The term “weak Hadeeth” refers to any narration which does not fulfill the conditions of authenticity. The scholars of Hadeeth agree that a “weak Hadeeth” must not be attributed to the Prophet by saying: “The Prophet said …”.
Applying weak Hadeeth in excellent deeds.
Very often when you point to the weakness of a Hadeeth you hear being cited, someone will immediately say: “But this Hadeeth is talking about (the reward of) excellent deeds, and it is alright to refer to unauthentic Hadeeth when talking about excellent deeds.”
It has become a norm amongst the majority of a good number of scholars and students of Islamic learning that it is alright to use weak Hadeeth when it refers to the reward of excellent deeds. They consider it a fully accepted rule that should not be argued. They also would quote the words of great scholars to support their point.
Before going into detail to refute the arguments of these people, let me point out that they have, in general, misunderstood the sayings of the great scholars of Islam they quote, relative to weak Hadeeth and how it should be used.
This serious misunderstanding has led to the great epidemic of freely using weak narrations; which certainly may involve lying against the Messenger of Allah .
Refutation of the claim:
First, we should mention that the rule cited earlier (that weak Hadeeth can be used in excellent deeds) is not accepted by all the scholars of Hadeeth. For instance, Abu Bakr Ibn ‘Arabi said: “The weak Hadeeth should be absolutely avoided and not dealt with.”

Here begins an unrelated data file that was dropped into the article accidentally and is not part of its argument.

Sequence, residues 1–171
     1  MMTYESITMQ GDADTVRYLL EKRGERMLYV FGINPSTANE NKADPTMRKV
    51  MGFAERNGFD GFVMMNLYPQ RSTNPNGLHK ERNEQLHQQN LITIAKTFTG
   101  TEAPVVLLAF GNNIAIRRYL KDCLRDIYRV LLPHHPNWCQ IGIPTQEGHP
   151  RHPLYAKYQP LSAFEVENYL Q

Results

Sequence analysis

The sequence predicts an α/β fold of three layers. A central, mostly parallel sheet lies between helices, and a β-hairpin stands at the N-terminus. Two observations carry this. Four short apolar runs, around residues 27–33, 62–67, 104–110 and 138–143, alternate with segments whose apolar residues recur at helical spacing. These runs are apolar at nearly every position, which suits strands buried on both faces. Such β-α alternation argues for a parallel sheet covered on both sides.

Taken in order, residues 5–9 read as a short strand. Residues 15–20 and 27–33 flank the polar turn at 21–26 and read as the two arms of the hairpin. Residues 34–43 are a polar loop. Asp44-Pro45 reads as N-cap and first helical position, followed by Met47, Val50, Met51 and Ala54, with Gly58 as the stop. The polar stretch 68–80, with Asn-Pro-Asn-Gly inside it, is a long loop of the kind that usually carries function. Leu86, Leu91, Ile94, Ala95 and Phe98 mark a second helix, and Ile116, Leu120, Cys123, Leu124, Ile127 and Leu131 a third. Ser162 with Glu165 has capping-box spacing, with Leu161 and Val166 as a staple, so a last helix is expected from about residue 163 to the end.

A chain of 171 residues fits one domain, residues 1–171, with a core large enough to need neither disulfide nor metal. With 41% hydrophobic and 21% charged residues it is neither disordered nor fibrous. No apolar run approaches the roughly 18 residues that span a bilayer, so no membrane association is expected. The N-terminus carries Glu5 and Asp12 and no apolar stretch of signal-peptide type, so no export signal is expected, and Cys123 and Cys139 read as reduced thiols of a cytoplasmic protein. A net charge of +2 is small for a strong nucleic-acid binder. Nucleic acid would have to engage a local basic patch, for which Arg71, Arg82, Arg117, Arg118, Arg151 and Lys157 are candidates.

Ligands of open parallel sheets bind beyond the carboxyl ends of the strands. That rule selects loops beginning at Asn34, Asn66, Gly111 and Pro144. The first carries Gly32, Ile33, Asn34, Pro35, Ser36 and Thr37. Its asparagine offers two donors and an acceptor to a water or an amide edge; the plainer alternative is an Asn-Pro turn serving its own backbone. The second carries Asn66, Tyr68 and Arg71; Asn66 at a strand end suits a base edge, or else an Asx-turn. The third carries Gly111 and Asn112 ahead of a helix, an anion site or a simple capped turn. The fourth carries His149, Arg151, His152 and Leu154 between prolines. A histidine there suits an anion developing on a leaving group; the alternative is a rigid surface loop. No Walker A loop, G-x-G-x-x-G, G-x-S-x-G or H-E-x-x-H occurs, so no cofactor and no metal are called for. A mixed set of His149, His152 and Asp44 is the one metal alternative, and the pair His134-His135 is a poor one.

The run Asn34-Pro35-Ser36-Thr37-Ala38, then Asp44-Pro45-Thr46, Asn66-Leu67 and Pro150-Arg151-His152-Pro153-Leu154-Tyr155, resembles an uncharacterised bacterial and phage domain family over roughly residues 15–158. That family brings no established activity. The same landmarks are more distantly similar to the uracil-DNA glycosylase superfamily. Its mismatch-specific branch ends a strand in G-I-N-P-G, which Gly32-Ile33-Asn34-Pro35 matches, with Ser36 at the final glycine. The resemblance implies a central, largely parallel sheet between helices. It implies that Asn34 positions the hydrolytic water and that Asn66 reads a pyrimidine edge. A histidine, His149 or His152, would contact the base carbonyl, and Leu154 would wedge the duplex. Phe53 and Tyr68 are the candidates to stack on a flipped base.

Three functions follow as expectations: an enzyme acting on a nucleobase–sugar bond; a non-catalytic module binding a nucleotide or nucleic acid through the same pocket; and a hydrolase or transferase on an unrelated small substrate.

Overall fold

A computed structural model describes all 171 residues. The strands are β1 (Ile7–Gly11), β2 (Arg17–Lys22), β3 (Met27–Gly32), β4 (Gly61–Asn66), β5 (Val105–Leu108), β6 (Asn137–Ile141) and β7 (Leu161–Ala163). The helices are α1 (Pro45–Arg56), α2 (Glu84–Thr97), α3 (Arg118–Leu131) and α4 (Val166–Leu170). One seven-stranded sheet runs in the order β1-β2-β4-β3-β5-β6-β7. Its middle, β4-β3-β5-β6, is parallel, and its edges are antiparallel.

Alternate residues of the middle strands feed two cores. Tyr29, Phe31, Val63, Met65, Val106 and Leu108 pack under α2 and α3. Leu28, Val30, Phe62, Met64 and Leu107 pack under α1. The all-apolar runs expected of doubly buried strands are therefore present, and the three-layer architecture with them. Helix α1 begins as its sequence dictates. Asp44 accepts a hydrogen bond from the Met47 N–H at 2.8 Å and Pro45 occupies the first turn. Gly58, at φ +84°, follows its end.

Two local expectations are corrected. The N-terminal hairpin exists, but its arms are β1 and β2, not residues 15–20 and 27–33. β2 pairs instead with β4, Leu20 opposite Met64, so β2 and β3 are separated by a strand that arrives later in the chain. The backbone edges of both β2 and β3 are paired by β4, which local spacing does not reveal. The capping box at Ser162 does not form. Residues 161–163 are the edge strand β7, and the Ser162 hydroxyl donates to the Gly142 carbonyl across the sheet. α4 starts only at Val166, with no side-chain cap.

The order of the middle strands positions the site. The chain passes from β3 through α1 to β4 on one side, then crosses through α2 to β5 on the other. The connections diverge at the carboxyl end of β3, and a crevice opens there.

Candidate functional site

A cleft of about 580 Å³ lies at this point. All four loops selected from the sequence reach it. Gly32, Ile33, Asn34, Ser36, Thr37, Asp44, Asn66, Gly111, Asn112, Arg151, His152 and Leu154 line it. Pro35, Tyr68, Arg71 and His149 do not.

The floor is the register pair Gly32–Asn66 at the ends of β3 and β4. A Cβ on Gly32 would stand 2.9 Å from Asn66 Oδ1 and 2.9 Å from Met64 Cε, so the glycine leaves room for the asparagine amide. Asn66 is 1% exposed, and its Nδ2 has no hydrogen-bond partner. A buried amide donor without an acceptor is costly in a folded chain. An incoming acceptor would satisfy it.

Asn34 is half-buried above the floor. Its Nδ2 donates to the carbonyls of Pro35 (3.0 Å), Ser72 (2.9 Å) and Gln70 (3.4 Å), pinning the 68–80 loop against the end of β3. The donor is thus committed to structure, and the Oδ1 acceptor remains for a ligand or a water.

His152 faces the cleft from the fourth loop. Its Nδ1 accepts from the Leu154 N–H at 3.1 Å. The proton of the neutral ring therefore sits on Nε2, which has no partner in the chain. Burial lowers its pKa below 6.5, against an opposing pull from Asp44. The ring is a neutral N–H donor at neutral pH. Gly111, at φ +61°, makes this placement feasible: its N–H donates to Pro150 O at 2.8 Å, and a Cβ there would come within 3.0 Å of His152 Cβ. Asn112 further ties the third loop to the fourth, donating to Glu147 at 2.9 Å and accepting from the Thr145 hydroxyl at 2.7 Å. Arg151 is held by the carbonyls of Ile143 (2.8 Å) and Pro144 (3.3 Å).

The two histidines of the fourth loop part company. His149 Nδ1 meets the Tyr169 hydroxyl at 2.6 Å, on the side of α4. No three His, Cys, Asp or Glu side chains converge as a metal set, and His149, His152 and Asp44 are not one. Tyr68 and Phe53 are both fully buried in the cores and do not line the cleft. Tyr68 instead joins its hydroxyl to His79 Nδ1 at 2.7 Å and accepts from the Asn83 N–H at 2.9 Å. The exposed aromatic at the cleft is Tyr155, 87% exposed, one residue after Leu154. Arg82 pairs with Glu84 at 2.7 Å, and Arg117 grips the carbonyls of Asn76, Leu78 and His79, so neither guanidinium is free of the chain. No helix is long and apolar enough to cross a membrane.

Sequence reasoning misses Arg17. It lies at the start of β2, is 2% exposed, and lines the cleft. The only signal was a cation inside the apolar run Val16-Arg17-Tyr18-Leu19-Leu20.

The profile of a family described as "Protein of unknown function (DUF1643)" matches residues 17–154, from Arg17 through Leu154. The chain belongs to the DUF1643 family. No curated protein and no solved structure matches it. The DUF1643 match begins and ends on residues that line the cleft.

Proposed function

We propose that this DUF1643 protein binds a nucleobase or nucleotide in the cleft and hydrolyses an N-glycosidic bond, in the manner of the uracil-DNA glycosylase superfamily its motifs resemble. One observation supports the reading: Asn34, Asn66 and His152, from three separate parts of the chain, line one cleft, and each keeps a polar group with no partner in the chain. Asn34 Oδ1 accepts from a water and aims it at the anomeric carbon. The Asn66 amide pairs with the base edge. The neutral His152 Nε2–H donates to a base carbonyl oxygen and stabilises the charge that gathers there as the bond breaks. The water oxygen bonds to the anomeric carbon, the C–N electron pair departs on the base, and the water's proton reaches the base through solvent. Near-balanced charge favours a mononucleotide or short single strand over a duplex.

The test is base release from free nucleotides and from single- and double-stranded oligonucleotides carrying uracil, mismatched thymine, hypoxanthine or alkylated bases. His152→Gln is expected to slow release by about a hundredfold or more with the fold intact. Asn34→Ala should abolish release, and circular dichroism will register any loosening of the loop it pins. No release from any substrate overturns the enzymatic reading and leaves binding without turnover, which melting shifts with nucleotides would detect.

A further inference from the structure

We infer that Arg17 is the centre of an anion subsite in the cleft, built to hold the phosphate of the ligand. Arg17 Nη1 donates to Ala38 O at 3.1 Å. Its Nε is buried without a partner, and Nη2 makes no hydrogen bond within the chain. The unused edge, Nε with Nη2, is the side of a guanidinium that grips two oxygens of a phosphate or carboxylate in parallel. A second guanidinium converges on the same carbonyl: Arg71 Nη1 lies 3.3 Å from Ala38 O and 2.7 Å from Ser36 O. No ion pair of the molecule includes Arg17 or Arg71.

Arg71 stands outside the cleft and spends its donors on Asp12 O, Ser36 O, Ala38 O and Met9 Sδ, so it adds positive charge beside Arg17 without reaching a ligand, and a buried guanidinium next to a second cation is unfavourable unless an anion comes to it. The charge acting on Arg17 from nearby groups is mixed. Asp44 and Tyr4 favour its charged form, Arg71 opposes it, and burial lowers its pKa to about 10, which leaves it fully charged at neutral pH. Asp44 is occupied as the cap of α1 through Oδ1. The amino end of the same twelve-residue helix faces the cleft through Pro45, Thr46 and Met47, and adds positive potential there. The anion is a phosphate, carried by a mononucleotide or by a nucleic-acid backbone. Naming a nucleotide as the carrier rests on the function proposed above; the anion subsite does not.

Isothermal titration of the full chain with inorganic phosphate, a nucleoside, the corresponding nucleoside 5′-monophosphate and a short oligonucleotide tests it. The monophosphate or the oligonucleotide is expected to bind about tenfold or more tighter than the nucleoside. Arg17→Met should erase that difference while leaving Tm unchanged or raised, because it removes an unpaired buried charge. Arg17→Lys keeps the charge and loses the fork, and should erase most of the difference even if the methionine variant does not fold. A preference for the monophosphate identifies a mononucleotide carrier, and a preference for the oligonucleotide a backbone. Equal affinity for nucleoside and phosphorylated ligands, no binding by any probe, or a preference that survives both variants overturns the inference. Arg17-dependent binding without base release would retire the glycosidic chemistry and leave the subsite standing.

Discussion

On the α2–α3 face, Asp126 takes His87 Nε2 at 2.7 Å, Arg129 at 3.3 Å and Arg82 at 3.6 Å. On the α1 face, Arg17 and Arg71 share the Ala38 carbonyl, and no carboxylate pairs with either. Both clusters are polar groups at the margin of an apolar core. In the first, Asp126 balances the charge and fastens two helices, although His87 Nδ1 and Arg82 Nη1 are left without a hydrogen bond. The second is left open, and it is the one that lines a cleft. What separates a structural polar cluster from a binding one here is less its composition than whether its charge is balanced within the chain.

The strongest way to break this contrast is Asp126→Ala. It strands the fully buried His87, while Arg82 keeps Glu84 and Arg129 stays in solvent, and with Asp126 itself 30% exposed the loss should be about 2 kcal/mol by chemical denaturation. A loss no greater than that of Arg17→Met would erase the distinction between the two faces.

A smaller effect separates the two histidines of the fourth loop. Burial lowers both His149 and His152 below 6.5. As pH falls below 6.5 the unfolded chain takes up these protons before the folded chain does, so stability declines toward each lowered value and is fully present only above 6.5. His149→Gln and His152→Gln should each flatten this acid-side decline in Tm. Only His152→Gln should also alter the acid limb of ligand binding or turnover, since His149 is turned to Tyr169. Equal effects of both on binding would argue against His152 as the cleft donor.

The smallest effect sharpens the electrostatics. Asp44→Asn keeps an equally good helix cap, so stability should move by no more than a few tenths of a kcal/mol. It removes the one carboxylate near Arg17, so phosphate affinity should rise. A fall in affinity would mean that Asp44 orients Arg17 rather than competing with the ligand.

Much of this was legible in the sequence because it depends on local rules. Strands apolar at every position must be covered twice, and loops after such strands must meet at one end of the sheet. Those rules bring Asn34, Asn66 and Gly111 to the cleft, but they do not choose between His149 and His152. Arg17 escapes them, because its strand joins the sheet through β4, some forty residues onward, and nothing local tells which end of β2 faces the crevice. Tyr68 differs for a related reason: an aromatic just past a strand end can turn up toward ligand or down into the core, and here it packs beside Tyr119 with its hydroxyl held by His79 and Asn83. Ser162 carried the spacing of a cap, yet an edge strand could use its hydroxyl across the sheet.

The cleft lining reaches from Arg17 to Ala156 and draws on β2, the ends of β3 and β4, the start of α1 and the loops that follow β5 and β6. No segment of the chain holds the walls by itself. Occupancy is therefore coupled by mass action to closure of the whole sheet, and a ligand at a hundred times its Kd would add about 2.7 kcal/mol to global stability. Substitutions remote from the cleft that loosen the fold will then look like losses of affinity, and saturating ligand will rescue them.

Second, we should know that the scholars of Hadeeth who permitted the use of weak Hadeeth have set very strict rules applying to their use. Al-Hafith Ibn Hajar Al-‘Asqalani said: “There are three conditions that must be fulfilled in order to use the weak Hadeeth:
a. It is well accepted that the weakness should only be slight. This will help to exclude Hadeeth reported by liars or accused reporters (of lying) who are known to commit big mistakes.
b. The weak Hadeeth should be used under already well-established principles and should not bring in ideas of its own.
c. When a weak Hadeeth is used (after it fulfills the above two conditions), it should not be believed to be said by the Messenger of Allah ; to do so we would be crediting him with that which he did not say.
For the above conditions to be satisfied, people planning to use the weak Hadeeth should have the ability to:
1. Distinguish between the weak and the authentic Hadeeth in order to fulfill condition (c) above, otherwise they may fall into lying about the Messenger .
2. Distinguish between the slightly weak Hadeeth and those which are very weak or fabricated, in order to fulfill condition (a) above.
What should be very clear to Muslims is that the ability to make the above two distinctions is not possessed except by a very small category of the scholars of Hadeeth (who can be counted on the fingers).
In particular with reference to item (2) above, only a few of the scholars of Hadeeth in all of the history of Islam have dealt with it.
Someone might justifiably ask: “Why are we so strict in this matter (of using weak Hadeeth), when some scholars of Hadeeth have permitted it?”
The answer to this question was given by a great scholar of Hadeeth, Sheykh Muhammad Nasiruddeen Al-Albani who said:
“The earlier scholars used to mention the Hadeeth with their full Isnaad (chain of narrators), so that any other scholar reading their treatise could know from the chain of narrators the degree of authenticity of the Hadeeth.”
We pray that this small introduction to the subject of weak Hadeeth and using it as proof has helped in clarifying how dangerous this is.